The US is home to some of the world’s greatest modern art galleries. In New York there is the Museum of Modern Art (MoMA) and the Guggenheim. In Chicago, the Art Institute. In Los Angeles, Lacma. But San Francisco? For a long time, the city would not have sprung to mind as a destination for seeing modern art. But now, with the recent reopening of the San Francisco Museum of Modern Art after a three-year, $305 million (€272 million) expansion, that might change.
The museum has unapologetically presented itself as the west coast's answer to MoMA. Its inaugural displays have featured a heavy-hitting selection of the biggest names in postwar and contemporary art, including Andy Warhol, Roy Lichtenstein, Ellsworth Kelly, Clyfford Still, Agnes Martin, Gerhard Richter, Alexander Calder and Richard Serra.
Following its extensive expansion and renovation, the museum has more than doubled in size and, with 170,000sq ft of indoor and outdoor gallery space over seven floors, it is now the biggest museum of modern and contemporary art in the US. The new Pritzker Centre for Photography on the third floor is the largest space dedicated to photography in any US art museum.
The original 1995 building by Swiss architect Mario Botta was designed to appear weighty and solid, with its imposing brickwork and zebra-patterned central oculus. It was a safehouse for culture on Third Street in the centre of the Soma district, at the time a rather rundown part of San Francisco. But much has changed since then: Soma is now a rejuvenated hive of activity, home to many of the city's museums and the core of the start-up scene.
The gallery's new section, designed by Norwegian architectural firm Snøhetta, reflects this change. It is grafted on to the Botta building, and wraps around a hotel on the corner of Third Street to create a second entrance at Howard Street. The new exterior on this side of the gallery is in stark contrast to the solidity of Botta's construction: the creased white frontage, with its uneven, undulating surface, is intended to evoke the fog and water of San Francisco Bay. It appears light, almost insubstantial, reflecting also the bright new optimism of the area.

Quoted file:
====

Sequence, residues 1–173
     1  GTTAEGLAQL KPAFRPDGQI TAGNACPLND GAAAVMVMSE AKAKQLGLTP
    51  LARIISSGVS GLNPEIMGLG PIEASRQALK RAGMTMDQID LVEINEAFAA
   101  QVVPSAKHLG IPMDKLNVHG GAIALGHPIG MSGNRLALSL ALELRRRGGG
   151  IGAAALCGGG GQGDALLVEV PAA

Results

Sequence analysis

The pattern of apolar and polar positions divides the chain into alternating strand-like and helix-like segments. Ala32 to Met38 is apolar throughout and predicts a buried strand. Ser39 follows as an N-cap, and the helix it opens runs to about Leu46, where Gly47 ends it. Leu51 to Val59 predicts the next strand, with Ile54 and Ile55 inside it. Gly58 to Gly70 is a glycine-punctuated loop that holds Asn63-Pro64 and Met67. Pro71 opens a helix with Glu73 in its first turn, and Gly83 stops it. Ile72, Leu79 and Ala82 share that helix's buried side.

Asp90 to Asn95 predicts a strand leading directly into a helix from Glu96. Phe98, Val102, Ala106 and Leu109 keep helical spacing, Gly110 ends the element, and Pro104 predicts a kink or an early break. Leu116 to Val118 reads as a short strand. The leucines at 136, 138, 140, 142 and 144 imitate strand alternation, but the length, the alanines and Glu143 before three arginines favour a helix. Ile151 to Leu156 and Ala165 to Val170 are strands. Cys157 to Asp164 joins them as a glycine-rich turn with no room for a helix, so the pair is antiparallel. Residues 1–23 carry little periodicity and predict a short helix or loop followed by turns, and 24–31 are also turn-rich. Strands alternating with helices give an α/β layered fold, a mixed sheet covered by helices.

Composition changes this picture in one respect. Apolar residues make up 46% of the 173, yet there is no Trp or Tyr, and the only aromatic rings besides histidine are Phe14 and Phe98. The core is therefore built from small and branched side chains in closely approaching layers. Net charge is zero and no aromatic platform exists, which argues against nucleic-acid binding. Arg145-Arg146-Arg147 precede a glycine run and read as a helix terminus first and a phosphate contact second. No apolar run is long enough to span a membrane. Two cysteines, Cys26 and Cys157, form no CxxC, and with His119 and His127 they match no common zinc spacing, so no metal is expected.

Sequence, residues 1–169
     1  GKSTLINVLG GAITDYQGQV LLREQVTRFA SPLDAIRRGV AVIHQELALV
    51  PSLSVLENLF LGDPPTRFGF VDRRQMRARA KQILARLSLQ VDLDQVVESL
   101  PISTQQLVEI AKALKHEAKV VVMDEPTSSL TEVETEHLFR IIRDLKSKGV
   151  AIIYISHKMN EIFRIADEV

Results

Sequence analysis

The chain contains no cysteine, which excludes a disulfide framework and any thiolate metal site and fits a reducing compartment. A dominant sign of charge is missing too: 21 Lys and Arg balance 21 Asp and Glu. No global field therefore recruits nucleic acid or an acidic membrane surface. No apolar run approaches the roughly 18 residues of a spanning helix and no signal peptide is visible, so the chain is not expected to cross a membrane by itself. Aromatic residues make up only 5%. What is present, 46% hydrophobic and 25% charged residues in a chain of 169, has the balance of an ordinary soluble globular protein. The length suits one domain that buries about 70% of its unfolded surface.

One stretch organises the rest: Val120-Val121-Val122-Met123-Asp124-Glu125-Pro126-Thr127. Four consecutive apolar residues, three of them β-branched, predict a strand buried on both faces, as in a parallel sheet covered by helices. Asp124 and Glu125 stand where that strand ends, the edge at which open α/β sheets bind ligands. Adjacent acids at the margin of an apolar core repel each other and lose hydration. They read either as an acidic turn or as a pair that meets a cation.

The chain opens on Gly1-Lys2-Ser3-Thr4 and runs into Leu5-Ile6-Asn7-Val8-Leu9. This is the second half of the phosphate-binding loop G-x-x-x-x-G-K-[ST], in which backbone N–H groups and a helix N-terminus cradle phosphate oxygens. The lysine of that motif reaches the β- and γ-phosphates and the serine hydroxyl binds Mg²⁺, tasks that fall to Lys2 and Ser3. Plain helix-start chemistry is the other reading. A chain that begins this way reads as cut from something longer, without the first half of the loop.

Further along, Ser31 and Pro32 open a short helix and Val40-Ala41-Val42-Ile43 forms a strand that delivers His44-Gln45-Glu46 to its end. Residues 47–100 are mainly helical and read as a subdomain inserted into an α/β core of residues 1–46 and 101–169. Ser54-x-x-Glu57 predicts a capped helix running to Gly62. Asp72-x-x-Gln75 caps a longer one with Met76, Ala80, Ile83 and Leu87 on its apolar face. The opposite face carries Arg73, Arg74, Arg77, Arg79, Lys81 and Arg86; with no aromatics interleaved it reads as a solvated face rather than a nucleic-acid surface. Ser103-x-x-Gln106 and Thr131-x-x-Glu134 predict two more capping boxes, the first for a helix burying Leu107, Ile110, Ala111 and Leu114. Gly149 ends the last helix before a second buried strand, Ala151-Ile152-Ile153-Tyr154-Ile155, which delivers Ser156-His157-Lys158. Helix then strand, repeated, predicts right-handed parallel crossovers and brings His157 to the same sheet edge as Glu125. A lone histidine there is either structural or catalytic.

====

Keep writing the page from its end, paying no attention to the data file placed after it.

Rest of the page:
The gallery's radical expansion was prompted by a dramatic agreement with Doris and Donald Fisher, founders of the Gap clothing empire. Two days before Donald Fisher died, he and his wife agreed to a 100-year loan to the San Francisco museum of their vast art collection, comprising some 1,100 works. The couple began collecting art in the 1970s, and amassed a hugely impressive collection of modern and contemporary paintings and sculpture, which for many years was on display at Gap headquarters in San Francisco.
Some 260 works from the Fisher collection form the core of the 19 exhibitions in the newly reopened museum. Many of the highlights of the new space come from the Fisher collection: there is a room of magnificent Warhols, including an iconic Triple Elvis screenprint; several stunning Sol LeWitt wall drawings; and a series of spaces dedicated to the abstract canvases and reliefs of Ellsworth Kelly. There is also a wide-ranging collection of Richter works, ranging from his monumental “squeegee” abstracts to his haunting blurred photographic paintings; a so-called Motion Lab dedicated to Calder’s signature mobiles; and an intimate octagonal space displaying several Agnes Martin paintings.